Gambling spreads to Pennsylvania bars

November 20, 2013 9:47 am

First it was slots to help the horse racing industry. Then full-blown casinos to supposedly reduce property taxes. Now, Pennsylvania is set to legalize gambling in bars and taverns.

It won’t be long before the state is pushing Internet gambling, online lottery sales and slot machines at airports. In case you haven’t noticed, Harrisburg lawmakers have become one of the biggest gambling addicts in the state.

The state is hooked on the tax revenue that comes from gambling. That explains the latest push to allow gambling in bars and taverns. The move produces little to no economic value and just makes it easier for residents – especially the poor, minorities and working class – to gamble away their paychecks. It is just an extension of the bad public policy that began with the push to legalize slot machines – not to mention the lottery.

Elected officials should look for ways to protect citizens, not strip wealth from them. They should also look for ways to grow the economy rather than push more and more regressive gambling policies.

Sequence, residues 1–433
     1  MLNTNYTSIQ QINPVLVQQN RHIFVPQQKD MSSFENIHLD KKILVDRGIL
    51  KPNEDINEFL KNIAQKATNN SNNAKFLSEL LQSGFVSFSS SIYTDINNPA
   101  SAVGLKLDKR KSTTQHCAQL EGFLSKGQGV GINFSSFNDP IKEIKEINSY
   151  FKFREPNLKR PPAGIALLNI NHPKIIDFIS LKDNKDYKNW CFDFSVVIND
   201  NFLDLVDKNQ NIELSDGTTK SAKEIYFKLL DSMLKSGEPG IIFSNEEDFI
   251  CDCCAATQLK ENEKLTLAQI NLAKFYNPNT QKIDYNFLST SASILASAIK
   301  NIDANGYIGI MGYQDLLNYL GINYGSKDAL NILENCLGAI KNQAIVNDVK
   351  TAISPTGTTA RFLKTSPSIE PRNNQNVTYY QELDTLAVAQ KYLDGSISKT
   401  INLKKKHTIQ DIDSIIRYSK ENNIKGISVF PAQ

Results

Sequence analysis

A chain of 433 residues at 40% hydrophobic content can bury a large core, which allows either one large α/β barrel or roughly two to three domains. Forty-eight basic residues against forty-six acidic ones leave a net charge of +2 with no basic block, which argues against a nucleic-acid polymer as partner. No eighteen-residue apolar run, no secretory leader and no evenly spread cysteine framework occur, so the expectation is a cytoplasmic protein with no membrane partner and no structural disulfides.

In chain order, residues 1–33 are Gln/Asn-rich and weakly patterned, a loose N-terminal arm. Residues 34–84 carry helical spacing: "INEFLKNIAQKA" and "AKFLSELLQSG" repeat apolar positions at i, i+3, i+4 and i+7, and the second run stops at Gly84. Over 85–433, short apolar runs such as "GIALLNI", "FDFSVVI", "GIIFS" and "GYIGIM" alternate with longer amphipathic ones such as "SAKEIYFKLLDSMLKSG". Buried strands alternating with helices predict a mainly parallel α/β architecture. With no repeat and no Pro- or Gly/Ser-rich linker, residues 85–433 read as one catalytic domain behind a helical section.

The African American leaders who endorsed a casino on Market Street in Philadelphia should be ashamed of themselves. The developer claims the proposed casino would benefit African-Americans and Asians, when in fact its location near a public transit hub and Chinatown will only ensure more minority gamblers leave the casino poorer, and many will become addicted to gambling, leaving families even worse off.

Studies show casinos create more costs than benefits. Studies also show there is a decrease in property values and an increase in crime, divorce, suicide and bankruptcy in the areas where casinos locate. To argue otherwise is either disingenuous or ignores the facts. This report here details the many studies that show casinos do more harm than good to a community.

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One thought on “Gambling spreads to Pennsylvania bars

  1. I’m afraid we have crossed the Rubicon in this country. The politicians and the special interests are coldly unsympathetic to the problems that wide open gambling is causing. It’s up to the clergy, the commentators, and the people themselves to rein in this fool’s gold. I say this as a recreational gambler. But moderation is needed in everything.

    It seems that a relaxation of gambling laws has turned into a feeding frenzy feasting on the vulnerable. Not a pretty sight.

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